6.
Front Microbiol ; 11: 1968, 2020.
Artículo en Inglés | MEDLINE | ID: mdl-32983008

RESUMEN

Escherichia coli sequence types 131 (ST131) and 1193 are multidrug-resistant extraintestinal pathogens that have recently spread epidemically among humans and are occasionally isolated from companion animals. This study characterized a nationwide collection of fluoroquinolone-resistant (FQ R ) E. coli isolates from extraintestinal infections in Australian cats and dogs. For this, 59 cat and dog FQ R clinical E. coli isolates (representing 6.9% of an 855-isolate collection) underwent PCR-based phylotyping and whole-genome sequencing (WGS). Isolates from commensal-associated phylogenetic groups A (14/59, 24%) and B1 (18/59, 31%) were dominant, with ST224 (10/59, 17%), and ST744 (8/59, 14%) predominating. Less prevalent were phylogenetic groups D (12/59, 20%), with ST38 (8/59, 14%) predominating, and virulence-associated phylogenetic group B2 (7/59, 12%), with ST131 predominating (6/7, 86%) and no ST1193 isolates identified. In a WGS-based comparison of 20 cat and dog-source ST131 isolates with 188 reference human and animal ST131 isolates, the cat and dog-source isolates were phylogenetically diverse. Although cat and dog-source ST131 isolates exhibited some minor sub-clustering, most were closely related to human-source ST131 strains. Furthermore, the prevalence of ST131 as a cause of FQ R infections in Australian companion animals was relatively constant between this study and the 5-year-earlier study of Platell et al. (2010) (9/125 isolates, 7.2%). Thus, although the high degree of clonal commonality among FQ R clinical isolates from humans vs. companion animals suggests the possibility of bi-directional between-species transmission, the much higher reported prevalence of ST131 and ST1193 among FQ R clinical isolates from humans as compared to companion animals suggests that companion animals are spillover hosts rather than being a primary reservoir for these lineages.

7.
Vet Microbiol ; 248: 108783, 2020 Sep.
Artículo en Inglés | MEDLINE | ID: mdl-32827920

RESUMEN

This study investigated the prevalence of extraintestinal pathogenic E. coli (ExPEC)-associated sequence types (STs) from phylogenetic group B2 among 449 fluoroquinolone-susceptible dog clinical isolates from Australia. Isolates underwent PCR-based phylotyping and random amplified polymorphic DNA analysis to determine clonal relatedness. Of the 317 so-identified group B2 isolates, 77 underwent whole genome sequencing (WGS), whereas the remainder underwent PCR-based screening for ST complexes (STc) STc12, STc73, STc372, and ST131. The predominant ST was ST372 according to both WGS (31 % of 77) and ST-specific PCR (22 % of 240), followed by (per WGS) ST73 (17 %), ST12 (7 %), and ST80 (7 %). A WGS-based phylogenetic comparison of ST73 isolates from dogs, cats, and humans showed considerable overall phylogenetic diversity. Although most clusters were species-specific, some contained closely related human and animal (dog > cat) isolates. For dogs in Australia these findings both confirm ST372 as the predominant E. coli clonal lineage causing extraintestinal infections and clarify the importance of human-associated group B2 lineage ST73 as a cause of UTI, with some strains possibly being capable of bi-directional (i.e., dog-human and human-dog) transmission.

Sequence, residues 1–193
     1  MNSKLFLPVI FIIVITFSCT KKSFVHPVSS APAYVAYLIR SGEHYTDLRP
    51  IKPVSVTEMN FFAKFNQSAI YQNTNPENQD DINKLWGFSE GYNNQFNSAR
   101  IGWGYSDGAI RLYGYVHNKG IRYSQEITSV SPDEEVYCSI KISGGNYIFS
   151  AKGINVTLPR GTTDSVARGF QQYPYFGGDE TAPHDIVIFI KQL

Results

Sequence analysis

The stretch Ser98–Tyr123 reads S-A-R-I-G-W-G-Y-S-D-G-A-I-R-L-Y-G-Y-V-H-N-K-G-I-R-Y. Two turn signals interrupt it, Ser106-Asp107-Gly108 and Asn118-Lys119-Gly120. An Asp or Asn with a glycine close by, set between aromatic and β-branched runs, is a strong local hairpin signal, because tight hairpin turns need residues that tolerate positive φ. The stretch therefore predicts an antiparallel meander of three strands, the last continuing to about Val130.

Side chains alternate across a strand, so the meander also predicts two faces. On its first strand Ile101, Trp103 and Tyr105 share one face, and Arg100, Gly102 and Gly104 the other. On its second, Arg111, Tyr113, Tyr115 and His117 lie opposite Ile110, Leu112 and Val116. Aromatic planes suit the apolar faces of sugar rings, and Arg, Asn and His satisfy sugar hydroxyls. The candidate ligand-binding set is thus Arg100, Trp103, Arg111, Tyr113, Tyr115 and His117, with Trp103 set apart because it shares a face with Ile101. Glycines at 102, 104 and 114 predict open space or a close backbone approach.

8.
Appl Environ Microbiol ; 86(20)2020 10 01.
Artículo en Inglés | MEDLINE | ID: mdl-32801178

RESUMEN

Globally, gulls have been associated with carriage of high levels of Escherichia coli strains resistant to critically important antimicrobials (CIAs), a major concern, as these antimicrobials are the sole alternative or one among only a few alternatives available to treat severe life-threatening infections in humans. Previous studies of Australian silver gulls demonstrated high levels of resistance to CIAs, particularly fluoroquinolone and extended-spectrum cephalosporins, among E. coli strains (carriage at 24% and 22%, respectively). This study aimed to identify and characterize strains from four distinct bird species inhabiting a common coastal environment, determine the frequency of carriage of CIA-resistant E. coli strains, and examine if these resistant clones and their resistance-encoding mobile genetic elements (MGEs) could be transmitted between species. CIA-resistant E. coli was detected in silver gulls (53%), little penguins (11%), and feral pigeons (10%), but not in bridled terns. In total, 37 different sequence types (STs) were identified, including clinically significant human-associated lineages, such as ST131, ST95, ST648, ST69, ST540, ST93, ST450, and ST10. Five main mobile genetic elements associated with bla CTX-M-positive E. coli strains isolated from three bird species were detected. Examination of clonal lineages and MGEs provided indirect evidence of transfer of resistance between bird species. The carriage of CIA-resistant E. coli by gulls and pigeons with proximity to humans, and in some instances food-producing animals, increases the likelihood of further bidirectional dissemination.IMPORTANCE It has been shown that 20% of Australian silver gulls carry drug-resistant Escherichia coli strains of anthropogenic origin associated with severe diseases, such as sepsis and urinary tract infections, in humans. To further characterize the dynamics of drug-resistant E. coli in wildlife populations, we investigated the carriage of critically important antimicrobial (CIA) drug-resistant E. coli in four bird species in a common environment. Our results indicated that gulls, pigeons, and penguins carried drug-resistant E. coli strains, and analysis of mobile genetic elements associated with resistance genes indicated interspecies resistance transfer. Terns, representing a bird species that forages on natural food sources at sea and distant from humans, did not test positive for drug-resistant E. coli This study demonstrates carriage of CIA-resistant bacteria in multiple bird species living in areas commonly inhabited by humans and provides further evidence for a leapfrog effect of resistance in wildlife, facilitated by feeding habits.